Thursday, 3 January 2013
Millais - Ophelia
Ophelia's pose—her open arms and upwards gaze— resembles traditional portrayals of saints or martyrs, but has also been interpreted as erotic.
In the 20th century, the painting was championed by surrealist painter Salvador Dalí. In an article published in a 1936 journal, he wrote, "How could Salvador Dalí fail to be dazzled by the flagrant surrealism of English Pre-Raphaelitism. The Pre-Raphaelite painters bring us radiant women who are, at the same time, the most desirable and most frightening that exist."
At first, I didn't delve into its story and symbolism. I viewed it strictly as a picture, how it was composed and so on. But later I learned that it had been analysed by so many people. Every blade of grass and each plant has been botanically identified, and someone has found almost exactly where Millais set up his easel. Some believe there is a skull hidden just to the left of the forget-me-nots on the right.
The painting became a trigger in my art, an inspiration. You look down on her from an oblique angle, so the painting is an aerial view; the diagonal of her body in the water is an aspect my work echoes.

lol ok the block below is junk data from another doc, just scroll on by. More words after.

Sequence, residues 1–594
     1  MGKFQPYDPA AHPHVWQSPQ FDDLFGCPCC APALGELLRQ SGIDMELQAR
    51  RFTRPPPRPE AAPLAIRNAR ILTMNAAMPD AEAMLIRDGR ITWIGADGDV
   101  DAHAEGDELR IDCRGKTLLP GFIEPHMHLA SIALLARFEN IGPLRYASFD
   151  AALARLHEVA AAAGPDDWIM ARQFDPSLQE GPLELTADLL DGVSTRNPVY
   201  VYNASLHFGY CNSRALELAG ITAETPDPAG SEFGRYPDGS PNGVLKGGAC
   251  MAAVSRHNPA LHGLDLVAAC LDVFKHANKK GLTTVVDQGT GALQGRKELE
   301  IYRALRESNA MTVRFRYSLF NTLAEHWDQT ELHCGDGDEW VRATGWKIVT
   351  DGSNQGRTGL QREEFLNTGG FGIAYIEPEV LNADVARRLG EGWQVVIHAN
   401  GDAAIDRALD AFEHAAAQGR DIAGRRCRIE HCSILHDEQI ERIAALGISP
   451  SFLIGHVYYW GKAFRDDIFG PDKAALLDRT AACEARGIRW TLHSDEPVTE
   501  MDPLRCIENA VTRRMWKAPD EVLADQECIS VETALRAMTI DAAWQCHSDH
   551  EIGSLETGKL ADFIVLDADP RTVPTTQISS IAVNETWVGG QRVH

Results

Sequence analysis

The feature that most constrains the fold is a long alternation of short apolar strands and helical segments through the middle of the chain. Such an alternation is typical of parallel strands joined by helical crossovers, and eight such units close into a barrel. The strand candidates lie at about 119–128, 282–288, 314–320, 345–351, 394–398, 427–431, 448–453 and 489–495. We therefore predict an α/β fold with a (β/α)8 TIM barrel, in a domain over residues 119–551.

My study of art is ordered on that thinking: that you look at something almost as if it were a tabletop arrangement. I regard a lot of my paintings and even my photographs as the offspring of this painting.
Ophelia is in the grand tradition of English painting, and its story goes back to Shakespeare; my work goes back to 1968 and, you could say, is the culmination of commercial America. But pictorially they are connected, like brother and sister. Each time I come to London, I feel obliged see it. In some ways, I feel I am looking at myself.
It is because Ophelia looks as if she is already dead. That face is transfigured, the eyes are sightless; it looks like that of a corpse - in fact, like the kind of dead female body recovered from a watery grave that forensic thrillers take such sinister prurient delight in showing us. This is a CSI Ophelia, a Patricia Cornwell Ophelia: both assailant and victim. I can imagine yellow crime-scene tape all around that stretch of water. There is a horribly brilliant, necrophiliac edge to the painting: Millais has seen female vulnerability in its ultimate form, and the image is grippingly voyeuristic.